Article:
Panic buying or not, crises or not, the reality of gold investment demand for the quarter that has just passed is quite a different one from the same period in 2010. Very little (zero) in the way of explanations is being offered as to why, if the current crisis is supposedly orders of magnitude higher than it was in 2010, the investment demand for bullion, as reflected in gold-oriented ETFs, amounted to only 45.6 metric tonnes in Q2 of this year, versus the 291.3 tonnes absorbed by the same niche last year.

By the way, and quite unsurprisingly, the bulk of the 45 tonnes (29.2 of them) went into European gold ETFs as that was the part of the world caught up in the debt storm. Also no mention is being made of the fact that record gold prices might well put a sizeable damper on investment demand from the very country that is supposed to offer the ultimate catalyst for mega-high prices. This,… because of high prices.

Bullion investments will not maintain their high growth rate as in 2010 because the gold price hit a record high and investors will try to avoid risks to slow the investment pace," Mr. Song Quanli, a senior officer with the China National Gold Group Corp. said overnight.

The series of warnings about the after-effects of a failure to raise the US debt ceiling continued on Wednesday with the issuance of the one by Moody’s. Whereas the warnings of folks like Mr. Geithner, Ms. Lagarde, Mr. Bernanke, the IMF, etc., (the list is long) have thus far failed to land on attentive ears, the Moody’s ratings alarm bell did manage to strike… certain market and public voice chords yesterday as well as this morning. At stake is the Aaa rating the USA has enjoyed since 1917.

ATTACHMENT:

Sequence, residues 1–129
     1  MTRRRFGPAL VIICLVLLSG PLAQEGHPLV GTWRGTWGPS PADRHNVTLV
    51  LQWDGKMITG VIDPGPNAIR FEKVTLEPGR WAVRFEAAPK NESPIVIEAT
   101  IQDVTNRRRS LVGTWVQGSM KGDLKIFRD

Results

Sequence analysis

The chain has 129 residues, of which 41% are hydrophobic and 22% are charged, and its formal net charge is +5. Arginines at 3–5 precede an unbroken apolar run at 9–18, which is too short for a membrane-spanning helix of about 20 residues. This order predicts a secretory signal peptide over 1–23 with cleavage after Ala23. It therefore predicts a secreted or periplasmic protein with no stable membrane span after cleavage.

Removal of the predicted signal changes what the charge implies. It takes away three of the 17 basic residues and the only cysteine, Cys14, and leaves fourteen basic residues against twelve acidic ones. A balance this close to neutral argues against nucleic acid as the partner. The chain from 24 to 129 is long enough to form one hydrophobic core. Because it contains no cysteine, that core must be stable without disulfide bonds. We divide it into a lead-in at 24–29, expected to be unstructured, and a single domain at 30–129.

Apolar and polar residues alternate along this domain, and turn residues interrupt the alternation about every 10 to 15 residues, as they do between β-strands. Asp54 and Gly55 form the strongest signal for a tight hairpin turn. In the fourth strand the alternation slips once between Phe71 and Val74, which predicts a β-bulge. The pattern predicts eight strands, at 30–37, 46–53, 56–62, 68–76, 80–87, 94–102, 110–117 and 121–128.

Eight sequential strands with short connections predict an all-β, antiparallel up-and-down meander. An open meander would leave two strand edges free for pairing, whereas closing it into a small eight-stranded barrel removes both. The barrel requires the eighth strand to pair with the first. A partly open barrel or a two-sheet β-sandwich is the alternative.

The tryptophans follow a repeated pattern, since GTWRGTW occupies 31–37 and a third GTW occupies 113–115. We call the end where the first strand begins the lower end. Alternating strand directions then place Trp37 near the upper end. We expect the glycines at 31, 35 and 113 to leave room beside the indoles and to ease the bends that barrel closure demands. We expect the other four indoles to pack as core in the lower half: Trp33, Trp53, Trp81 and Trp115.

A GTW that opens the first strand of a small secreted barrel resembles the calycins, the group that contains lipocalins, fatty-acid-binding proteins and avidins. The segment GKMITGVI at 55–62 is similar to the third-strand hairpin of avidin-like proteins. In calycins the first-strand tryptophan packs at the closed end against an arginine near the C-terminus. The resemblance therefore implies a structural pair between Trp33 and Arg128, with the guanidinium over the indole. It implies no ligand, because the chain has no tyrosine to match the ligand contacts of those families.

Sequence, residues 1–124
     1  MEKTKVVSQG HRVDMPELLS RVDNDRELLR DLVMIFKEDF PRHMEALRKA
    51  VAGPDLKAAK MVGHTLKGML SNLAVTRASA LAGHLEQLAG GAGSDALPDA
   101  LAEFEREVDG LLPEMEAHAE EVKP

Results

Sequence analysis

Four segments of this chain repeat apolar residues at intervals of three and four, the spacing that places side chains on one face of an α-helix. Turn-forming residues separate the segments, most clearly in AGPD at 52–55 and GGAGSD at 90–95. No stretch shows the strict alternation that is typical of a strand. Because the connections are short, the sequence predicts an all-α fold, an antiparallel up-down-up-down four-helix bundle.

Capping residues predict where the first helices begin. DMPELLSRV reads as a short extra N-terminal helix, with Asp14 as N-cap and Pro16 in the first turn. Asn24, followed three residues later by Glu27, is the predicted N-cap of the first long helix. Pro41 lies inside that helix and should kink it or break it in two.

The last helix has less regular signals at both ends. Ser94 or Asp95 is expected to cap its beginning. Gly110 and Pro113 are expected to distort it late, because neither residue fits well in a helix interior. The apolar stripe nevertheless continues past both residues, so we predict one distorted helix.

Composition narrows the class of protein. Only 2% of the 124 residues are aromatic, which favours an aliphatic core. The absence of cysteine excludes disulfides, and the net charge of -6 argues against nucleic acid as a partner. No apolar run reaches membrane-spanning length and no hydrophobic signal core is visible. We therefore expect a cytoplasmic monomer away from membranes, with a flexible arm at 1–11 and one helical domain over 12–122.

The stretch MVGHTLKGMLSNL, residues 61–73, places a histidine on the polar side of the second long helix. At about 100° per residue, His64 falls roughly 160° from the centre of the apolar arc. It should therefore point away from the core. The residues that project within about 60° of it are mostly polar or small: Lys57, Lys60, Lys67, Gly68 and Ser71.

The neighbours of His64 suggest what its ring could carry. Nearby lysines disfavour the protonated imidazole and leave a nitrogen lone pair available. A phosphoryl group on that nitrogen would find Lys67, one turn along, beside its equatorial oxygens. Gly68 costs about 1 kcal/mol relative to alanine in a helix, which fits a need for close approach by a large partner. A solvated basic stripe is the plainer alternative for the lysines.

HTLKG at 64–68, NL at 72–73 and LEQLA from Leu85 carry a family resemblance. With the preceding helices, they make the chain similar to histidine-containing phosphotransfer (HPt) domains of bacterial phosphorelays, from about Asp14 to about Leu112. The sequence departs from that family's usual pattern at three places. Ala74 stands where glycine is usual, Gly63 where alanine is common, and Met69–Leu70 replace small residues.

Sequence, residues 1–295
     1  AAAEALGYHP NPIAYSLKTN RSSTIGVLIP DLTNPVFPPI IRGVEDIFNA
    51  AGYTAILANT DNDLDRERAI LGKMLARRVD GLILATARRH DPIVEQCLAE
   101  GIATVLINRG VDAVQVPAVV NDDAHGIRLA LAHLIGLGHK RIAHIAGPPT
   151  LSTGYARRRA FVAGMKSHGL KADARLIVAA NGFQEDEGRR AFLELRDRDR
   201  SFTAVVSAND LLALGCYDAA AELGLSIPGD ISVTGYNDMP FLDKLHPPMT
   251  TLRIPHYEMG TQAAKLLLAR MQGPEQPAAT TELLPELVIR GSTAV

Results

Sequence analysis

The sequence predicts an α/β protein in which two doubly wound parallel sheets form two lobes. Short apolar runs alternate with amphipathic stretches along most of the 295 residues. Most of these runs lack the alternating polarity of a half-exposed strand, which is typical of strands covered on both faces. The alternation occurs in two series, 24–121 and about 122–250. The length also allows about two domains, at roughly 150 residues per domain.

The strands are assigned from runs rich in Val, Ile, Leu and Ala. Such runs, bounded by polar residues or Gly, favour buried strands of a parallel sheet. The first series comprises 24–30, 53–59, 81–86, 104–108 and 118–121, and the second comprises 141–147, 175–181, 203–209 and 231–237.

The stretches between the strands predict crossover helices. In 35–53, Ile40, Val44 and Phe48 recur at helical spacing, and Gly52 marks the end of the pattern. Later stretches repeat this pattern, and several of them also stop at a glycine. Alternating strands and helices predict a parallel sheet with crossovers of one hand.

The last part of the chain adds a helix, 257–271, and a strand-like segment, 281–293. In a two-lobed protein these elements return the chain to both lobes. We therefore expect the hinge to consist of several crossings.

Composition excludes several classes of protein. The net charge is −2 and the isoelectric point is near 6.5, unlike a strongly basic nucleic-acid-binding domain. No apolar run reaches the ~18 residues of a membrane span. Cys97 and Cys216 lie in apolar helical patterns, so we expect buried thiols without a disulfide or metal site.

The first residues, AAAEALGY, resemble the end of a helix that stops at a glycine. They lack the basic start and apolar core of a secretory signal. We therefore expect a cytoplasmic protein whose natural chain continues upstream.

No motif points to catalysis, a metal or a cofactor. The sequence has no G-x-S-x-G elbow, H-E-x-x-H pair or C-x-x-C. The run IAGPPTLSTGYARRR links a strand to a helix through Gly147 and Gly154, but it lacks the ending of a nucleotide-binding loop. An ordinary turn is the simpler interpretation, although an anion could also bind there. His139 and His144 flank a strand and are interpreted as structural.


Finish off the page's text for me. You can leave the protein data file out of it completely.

What the Washington-based debt talks boil down to, in the opinion of Bloomberg View columnist Ezra Klein, is the fact that "Republicans and Democrats are polar opposites, at least right now. Republicans are dead set against any deal that includes compromise with Democrats, no matter its effect on the deficit. Obama is interested in almost any deal that proves he can compromise with the Republicans, in large part because it will cut the deficit. And so the negotiations come down to this: The Republicans are willing to resist the most seductive policy details in order to avoid a deal, while the president is willing to extend those enticements precisely because he wants one so badly."

At any rate, President Obama has now declared that at least as far as he is concerned, he has reached the limits of his patience on the issue. "This may bring my presidency down, but I won’t yield on this. Enough is enough." He urged congressional leaders on both sides of the isle to find common budget negotiation ground by the end of this week. Two weeks to go ahead of "D" day. Meanwhile, we have to contend with Moody’s mood; one that is decidedly… souring on US debt. Both parties were quick to cite the Moody’s warning and use it to their advantage in propagating further ultimatums on the other side.

On the other hand, some folks have a bit of a… different idea on all of this rating agency hoopla. Mind you, it is a tad ironic that the ratings firms have thrown their warnings/downgrades/opinions into hyper-drive all of a sudden. One hardly recalls them being as "active" or as vocal circa three or more years ago. Also, curiously, the firms are hardly being heard making too much noise about China’s own possibly imminent credit implosions. Since we do not have the space or the time to cover the emergent mushroom cloud of Chinese loan/debt problems here and today, we invite you to parse this riveting piece on the subject on Bloomberg.